Adding a mix of animal and plant-based protein sources to your diet is best to meet daily protein intake. Also, incorporating various protein sources into your meals can increase satiety. Adding chicken to your vegetable soup or chickpeas to your salads can be a great way to increase protein intake and improve satiety.

The role of quality carbohydrates

Carbohydrates contribute to most of the energy your diet provides. That’s why it’s crucial to choose complex carbohydrates that not only give you energy but also nourish your body with fiber, vitamins, and minerals they provide.

Desserts containing added sugars can be tempting, especially in the winter holidays. Although there is nothing wrong with consuming those foods in moderation, it’s advised to choose complex carbohydrates over simple carbohydrates on a daily basis.

Complex carbohydrates you can incorporate in your meals include but are not limited to whole grains, beans, legumes, peas, and starchy vegetables.

Choose healthy fats

Eating healthy fats contributes to health since fats are essential for many functions of the body, including producing some hormones and absorbing fat-soluble vitamins such as A, D, and E. It also provides physical protection for organs and keeps the body warm.

You should minimize saturated and trans fats while consuming more unsaturated fats to support cardiovascular and overall health.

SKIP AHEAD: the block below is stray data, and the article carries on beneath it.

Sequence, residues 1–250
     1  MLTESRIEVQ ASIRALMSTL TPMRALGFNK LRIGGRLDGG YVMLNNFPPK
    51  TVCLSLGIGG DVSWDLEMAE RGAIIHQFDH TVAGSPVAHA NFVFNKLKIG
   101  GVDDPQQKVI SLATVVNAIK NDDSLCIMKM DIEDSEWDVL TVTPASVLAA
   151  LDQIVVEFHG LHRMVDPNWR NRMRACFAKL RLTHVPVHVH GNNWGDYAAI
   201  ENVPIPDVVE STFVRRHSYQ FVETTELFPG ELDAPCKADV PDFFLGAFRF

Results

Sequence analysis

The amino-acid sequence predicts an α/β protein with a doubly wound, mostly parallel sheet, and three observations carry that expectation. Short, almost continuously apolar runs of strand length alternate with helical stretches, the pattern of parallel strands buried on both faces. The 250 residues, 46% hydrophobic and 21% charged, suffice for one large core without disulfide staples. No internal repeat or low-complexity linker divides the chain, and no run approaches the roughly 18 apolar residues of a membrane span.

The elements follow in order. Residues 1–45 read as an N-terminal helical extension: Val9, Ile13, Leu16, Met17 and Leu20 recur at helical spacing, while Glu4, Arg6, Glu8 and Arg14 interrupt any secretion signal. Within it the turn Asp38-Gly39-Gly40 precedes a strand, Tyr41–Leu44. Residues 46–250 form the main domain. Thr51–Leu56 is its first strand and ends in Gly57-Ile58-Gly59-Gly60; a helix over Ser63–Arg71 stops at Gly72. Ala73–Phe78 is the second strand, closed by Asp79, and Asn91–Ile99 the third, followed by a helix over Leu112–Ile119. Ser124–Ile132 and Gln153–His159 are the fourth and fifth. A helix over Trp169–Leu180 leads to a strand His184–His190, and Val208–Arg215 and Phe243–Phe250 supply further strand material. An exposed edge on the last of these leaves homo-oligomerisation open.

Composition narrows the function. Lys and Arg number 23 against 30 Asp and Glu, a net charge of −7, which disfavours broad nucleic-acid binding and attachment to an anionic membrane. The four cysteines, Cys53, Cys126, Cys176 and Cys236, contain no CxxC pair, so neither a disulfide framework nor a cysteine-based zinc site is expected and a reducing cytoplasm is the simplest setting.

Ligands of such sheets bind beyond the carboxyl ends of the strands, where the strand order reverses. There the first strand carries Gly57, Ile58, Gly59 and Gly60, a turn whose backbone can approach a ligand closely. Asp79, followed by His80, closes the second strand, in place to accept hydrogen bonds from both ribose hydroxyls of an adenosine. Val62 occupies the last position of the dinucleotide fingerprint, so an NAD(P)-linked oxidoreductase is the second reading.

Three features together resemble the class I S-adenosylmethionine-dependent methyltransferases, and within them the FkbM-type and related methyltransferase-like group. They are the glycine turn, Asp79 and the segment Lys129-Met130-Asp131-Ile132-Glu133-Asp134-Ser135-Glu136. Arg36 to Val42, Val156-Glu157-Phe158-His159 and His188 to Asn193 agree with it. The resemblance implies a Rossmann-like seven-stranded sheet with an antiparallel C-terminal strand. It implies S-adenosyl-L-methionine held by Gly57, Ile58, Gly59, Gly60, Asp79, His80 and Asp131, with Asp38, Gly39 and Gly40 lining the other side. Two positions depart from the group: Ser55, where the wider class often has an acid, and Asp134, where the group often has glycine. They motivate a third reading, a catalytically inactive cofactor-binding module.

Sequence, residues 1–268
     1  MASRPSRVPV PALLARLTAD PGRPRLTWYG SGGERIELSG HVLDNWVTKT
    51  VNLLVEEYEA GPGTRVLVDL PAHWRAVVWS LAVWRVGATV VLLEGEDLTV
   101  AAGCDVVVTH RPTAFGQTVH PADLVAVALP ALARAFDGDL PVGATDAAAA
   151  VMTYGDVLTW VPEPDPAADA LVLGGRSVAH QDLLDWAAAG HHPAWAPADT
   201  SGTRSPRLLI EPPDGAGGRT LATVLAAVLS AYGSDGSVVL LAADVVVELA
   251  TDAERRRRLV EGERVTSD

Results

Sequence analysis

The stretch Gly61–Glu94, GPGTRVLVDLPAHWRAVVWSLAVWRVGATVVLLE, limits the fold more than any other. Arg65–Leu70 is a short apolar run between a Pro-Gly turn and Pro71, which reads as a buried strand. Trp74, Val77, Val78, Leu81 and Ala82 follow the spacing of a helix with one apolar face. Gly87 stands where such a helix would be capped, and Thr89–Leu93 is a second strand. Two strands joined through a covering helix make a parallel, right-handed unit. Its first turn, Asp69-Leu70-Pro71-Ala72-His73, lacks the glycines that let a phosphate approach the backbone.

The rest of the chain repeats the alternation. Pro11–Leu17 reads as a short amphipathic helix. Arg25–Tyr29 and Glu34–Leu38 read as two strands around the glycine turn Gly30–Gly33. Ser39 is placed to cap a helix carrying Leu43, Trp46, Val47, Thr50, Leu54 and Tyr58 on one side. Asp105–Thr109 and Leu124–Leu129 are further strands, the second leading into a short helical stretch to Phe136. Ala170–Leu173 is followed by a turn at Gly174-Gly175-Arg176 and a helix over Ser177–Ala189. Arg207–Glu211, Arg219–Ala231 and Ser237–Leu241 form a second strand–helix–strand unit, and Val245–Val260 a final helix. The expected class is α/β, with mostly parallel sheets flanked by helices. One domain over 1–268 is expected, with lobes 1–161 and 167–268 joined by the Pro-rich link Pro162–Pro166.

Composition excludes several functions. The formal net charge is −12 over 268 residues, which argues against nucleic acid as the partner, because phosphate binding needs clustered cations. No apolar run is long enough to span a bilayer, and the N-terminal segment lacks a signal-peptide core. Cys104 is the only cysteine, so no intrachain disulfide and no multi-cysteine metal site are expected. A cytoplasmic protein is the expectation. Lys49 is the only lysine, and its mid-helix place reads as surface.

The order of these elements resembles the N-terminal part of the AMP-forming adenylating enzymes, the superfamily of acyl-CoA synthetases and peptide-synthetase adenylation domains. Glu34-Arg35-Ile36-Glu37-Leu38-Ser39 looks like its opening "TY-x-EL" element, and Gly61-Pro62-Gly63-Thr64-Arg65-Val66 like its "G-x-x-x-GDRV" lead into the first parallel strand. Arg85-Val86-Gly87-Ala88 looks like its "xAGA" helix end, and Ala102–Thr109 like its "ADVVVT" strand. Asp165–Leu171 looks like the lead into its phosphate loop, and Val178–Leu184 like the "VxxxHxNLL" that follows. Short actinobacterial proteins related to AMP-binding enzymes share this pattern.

For example, beef, pork, poultry, lard, butter, cheese, coconut, and palm oil contain saturated fats.

Unsaturated fats (healthy fats) are found in fish, olive oil, canola oil, avocados, nuts, and seeds but are not limited to these options.

Stay hydrated

Most people find drinking water easy in hot weather but need to remember about drinking water as often in winter. Remember, being thirsty can cause concentration problems, mood changes, and poor memory.

Try drinking water before feeling thirsty because if you’re thirsty, you’re already dehydrated to a degree. Staying hydrated helps your cells function properly, so it’s important even if it doesn’t seem like it.

Basic principles of healthy eating apply in winter, too. Eating nourishing foods that are comforting can help you through winter while maintaining and improving your health. Don’t forget to stay hydrated, watch caffeine intake, eat balanced, nourishing meals, and get sunlight.

by Merve Ceylan, RD


  1. Nutrients. Winter Holidays and Their Impact on Eating Behavior—A Systematic Review.
  2. Nutrients. A Review of Micronutrients and the Immune System–Working in Harmony to Reduce the Risk of Infection.
  3. National Health Service. 5 A Day: what counts?
  4. Mayo Clinic. Caffeine: How much is too much?
  5. Harvard School of Public Health. Vitamin D.
  6. UCLA Health. Are you getting enough protein? Here’s what happens if you don’t.
  7. Food Hydrocolloids. Revisiting the role of protein-induced satiation and satiety.
  8. MedlinePlus. Complex carbohydrates.
  9. American Heart Association. Dietary Fats.
  10. American Heart Association. Are you drinking enough water during winter months?

Source: HealthNews